Bullying? Seriously? Bullying at workplace? Oh come on, it is not high school anymore.
If you belong to those people who think that bullying is only identical with kids and teens, you are not necessarily correct. Bullying does not end when we leave high school. In fact, bullying exists even in the workplace which is filled with mature adults.
The problem is, sometimes bullying between co-workers is hardly found under the radar due to their closed and not so obvious practices. However, the impact of bullying on workplace culture can be destructive.
Bullying at workplace can be seen in various forms, such as talking about certain employees behind their back, harshly criticising in the public, not involving them in important conversations, not inviting to social gatherings, or even stealing credits. The only goal of workplace bullying is to bring someone down and make them feel bad about themselves.
Even the smallest trail of bullying is not only disparaging for any individual, but also brings negative impact for the whole team. As a HR leader, it is important to look into employee relationship issues such as bullying more openly. HR department should be the first place, where employees go to seek help, when they experience bullying. HRs are not the last resort, when everything else does not work. Here are three steps to deal with bullying at workplace.
See: Effective Ways to Motivate Underperformers
Identify Who, What, When, Where, and How
Do not wait until the victim comes and sees you at the office to report bullying by their co-workers. Look around and evaluate what is happening in the office. Be proactive by engaging and building relationship within employees’ social circle.
If you smell something awkward in workings with one another, conduct thorough investigation to delve for more information regarding the issue. For example, when you hear employees are gossiping about a particular person, find out who bullies and who gets bullied, what kind of practices are deployed, and also when, where, and how does this happen.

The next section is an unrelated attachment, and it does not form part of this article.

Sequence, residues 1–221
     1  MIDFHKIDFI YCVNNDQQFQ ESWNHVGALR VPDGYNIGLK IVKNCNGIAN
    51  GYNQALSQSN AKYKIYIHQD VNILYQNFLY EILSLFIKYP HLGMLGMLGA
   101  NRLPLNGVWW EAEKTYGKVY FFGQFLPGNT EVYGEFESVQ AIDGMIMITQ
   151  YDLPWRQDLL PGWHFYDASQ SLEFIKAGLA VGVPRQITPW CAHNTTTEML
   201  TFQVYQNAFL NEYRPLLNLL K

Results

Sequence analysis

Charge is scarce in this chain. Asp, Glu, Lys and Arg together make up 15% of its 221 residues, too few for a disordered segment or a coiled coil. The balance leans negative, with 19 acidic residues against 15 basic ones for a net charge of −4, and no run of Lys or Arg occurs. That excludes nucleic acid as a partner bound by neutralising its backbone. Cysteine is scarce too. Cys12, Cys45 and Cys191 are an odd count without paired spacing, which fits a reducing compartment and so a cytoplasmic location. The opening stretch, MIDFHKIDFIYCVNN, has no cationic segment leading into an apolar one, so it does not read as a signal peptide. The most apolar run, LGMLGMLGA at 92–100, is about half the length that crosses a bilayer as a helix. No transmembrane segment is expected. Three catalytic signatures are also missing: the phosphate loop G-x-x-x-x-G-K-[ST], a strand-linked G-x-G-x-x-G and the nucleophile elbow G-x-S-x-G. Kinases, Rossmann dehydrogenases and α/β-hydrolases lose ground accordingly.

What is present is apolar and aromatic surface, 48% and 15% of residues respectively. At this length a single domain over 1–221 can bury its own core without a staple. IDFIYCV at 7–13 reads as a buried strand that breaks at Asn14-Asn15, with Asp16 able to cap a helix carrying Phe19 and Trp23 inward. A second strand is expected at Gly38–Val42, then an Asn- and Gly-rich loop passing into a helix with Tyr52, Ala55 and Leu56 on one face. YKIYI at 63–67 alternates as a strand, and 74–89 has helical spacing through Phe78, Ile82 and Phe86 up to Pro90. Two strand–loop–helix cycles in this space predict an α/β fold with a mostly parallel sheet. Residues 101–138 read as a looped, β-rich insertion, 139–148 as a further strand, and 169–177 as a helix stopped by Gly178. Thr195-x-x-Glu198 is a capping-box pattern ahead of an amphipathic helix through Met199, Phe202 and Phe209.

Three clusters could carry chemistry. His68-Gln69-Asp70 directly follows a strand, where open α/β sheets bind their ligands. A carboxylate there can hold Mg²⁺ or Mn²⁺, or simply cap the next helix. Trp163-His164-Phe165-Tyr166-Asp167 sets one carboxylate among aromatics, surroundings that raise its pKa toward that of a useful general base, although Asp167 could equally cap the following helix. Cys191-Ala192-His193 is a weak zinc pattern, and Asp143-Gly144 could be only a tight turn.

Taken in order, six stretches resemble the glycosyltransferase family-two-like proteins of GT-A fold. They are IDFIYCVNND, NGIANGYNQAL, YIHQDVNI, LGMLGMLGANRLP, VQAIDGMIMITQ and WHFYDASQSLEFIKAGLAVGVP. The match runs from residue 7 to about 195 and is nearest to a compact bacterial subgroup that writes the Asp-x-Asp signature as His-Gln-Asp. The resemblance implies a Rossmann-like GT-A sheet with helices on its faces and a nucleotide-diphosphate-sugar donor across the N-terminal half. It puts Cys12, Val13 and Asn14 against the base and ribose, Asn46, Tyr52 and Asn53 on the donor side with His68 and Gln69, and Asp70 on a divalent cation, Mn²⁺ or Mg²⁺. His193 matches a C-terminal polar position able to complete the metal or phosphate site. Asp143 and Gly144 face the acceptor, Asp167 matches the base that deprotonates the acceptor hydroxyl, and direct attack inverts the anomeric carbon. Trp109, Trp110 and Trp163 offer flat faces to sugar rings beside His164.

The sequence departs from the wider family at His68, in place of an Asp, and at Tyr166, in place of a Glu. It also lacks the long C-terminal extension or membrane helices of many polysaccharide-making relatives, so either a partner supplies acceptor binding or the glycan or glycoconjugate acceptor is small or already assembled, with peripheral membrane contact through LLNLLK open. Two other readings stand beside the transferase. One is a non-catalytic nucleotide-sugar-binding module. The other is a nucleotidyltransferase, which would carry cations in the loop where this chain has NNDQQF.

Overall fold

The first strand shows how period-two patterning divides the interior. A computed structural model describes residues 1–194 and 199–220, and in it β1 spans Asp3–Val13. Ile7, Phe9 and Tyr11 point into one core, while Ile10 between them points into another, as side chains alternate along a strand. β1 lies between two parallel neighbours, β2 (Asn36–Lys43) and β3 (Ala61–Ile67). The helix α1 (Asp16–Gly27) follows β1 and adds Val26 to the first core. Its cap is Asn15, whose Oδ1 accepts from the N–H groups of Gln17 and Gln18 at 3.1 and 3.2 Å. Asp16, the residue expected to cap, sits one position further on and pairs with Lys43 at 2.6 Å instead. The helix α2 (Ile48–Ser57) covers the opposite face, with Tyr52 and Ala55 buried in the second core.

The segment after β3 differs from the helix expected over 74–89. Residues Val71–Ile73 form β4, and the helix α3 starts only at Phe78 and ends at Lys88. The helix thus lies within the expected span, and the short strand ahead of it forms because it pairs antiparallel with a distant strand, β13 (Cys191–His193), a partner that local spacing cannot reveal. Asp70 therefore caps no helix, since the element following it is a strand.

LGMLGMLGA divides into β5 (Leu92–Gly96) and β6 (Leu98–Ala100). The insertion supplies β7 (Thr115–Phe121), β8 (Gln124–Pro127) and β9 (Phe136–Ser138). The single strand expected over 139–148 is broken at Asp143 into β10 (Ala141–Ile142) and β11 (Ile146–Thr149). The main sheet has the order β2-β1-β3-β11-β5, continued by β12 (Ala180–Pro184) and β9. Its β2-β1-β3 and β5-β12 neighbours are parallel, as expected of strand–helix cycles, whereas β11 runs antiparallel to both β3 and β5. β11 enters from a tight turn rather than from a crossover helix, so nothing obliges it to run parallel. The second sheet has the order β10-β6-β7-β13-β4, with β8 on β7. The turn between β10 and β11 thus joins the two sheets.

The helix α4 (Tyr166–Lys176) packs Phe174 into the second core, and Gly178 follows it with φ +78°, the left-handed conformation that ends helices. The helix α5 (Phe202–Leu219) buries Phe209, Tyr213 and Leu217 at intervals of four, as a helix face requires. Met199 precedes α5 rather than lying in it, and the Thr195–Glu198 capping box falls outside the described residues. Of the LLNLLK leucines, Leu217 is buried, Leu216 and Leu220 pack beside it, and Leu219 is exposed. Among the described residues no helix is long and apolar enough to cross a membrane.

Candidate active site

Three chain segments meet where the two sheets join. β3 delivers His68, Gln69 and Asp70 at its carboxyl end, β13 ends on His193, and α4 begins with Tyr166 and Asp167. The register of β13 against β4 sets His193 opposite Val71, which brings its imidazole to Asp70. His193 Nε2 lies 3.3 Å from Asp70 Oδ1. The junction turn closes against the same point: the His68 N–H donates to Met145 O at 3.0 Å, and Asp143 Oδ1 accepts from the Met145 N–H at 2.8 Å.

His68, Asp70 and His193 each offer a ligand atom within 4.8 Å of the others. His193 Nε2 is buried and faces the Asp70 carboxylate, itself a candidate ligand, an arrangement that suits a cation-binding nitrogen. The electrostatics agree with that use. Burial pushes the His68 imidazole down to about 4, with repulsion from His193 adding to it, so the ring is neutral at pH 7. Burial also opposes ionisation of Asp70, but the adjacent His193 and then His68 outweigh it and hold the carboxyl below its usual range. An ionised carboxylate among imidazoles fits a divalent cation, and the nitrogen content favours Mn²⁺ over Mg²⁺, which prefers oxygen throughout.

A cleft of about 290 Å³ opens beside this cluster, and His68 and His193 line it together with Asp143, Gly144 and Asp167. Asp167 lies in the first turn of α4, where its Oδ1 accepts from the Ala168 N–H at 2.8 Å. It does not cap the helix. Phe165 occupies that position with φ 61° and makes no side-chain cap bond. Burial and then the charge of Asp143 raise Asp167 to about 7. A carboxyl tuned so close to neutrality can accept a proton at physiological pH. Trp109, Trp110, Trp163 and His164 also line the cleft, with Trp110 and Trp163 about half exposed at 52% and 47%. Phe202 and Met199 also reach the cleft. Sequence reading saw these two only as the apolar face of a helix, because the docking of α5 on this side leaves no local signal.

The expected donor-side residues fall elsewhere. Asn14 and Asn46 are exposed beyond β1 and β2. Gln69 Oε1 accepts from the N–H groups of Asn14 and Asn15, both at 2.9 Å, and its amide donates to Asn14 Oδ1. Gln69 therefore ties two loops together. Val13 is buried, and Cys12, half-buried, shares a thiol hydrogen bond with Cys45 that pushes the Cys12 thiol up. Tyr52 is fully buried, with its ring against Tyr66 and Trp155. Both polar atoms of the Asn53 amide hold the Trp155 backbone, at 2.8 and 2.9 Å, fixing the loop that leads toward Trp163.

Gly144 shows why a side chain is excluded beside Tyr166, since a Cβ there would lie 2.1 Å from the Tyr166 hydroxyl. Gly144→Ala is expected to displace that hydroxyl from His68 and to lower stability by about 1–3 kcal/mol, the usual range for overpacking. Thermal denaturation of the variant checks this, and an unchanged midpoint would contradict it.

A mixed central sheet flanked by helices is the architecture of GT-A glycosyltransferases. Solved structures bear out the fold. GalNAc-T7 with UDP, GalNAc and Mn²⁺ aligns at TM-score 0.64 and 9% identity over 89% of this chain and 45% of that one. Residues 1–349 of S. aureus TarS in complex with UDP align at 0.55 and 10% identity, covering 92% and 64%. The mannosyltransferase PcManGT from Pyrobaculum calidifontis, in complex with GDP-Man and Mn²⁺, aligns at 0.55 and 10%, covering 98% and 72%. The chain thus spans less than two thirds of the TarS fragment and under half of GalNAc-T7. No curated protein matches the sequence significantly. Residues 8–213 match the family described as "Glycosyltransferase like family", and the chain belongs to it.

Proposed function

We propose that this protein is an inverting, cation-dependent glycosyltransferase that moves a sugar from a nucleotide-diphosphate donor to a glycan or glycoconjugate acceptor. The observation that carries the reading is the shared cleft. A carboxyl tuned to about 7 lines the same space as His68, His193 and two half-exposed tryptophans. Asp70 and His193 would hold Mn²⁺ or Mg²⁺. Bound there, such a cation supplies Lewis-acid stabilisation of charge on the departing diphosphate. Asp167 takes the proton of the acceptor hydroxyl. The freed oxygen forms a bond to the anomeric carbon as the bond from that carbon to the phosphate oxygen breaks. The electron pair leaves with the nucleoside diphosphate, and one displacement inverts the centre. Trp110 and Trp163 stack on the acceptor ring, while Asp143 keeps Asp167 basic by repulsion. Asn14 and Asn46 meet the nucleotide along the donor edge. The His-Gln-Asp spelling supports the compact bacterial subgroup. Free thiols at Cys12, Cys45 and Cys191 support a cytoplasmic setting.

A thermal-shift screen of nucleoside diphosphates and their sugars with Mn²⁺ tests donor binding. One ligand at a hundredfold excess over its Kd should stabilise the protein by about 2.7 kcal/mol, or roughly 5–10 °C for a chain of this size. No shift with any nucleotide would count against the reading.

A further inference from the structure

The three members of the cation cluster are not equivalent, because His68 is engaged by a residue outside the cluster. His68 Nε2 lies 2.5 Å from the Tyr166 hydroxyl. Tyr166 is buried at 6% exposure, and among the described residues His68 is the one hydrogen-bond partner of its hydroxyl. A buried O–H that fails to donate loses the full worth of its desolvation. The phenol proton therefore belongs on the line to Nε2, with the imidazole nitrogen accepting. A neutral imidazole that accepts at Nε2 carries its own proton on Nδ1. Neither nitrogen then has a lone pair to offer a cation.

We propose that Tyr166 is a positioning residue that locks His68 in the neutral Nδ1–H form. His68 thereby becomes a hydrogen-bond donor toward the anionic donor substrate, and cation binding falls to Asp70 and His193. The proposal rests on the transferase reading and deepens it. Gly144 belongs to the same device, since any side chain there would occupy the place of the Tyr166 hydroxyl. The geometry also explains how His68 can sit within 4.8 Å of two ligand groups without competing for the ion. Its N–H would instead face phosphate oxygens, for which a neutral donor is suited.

Provide Response and Immediate Assistance
As a HR, if you have thoroughly investigated everything and found out the alleged bullies, initiate conversation between the bullies and the bullied. Inform the victims that you are on their side. Offer assistance and invite them to share their stories. For the bullies, address them right away such that they will realise their doings.
If necessary, you might need to take disciplinary action to give deterrent effect. Sometimes, a bully does not realise that they are being one, as they see it as a natural behaviour. No wonder that bullies reluctantly change their manners as it always works for them. To stop the loop, you need to monitor the progress to ensure that the bullying has stopped.
Socialise Company Culture
Bullying is prone to happen when a company does not have a healthy workplace culture. It is important to induct positive principles and behaviours such as trust and respect between all elements of the organisation.
Foster teamwork culture where everyone works and supports each other. When someone is trying to spread gossip or bad rumours about someone else, stop it at the moment to prevent any further problems. In addition, perform open door policy such that everyone can feel free to connect with their HR leaders.
Read also: How to Deal with Employee Complaints?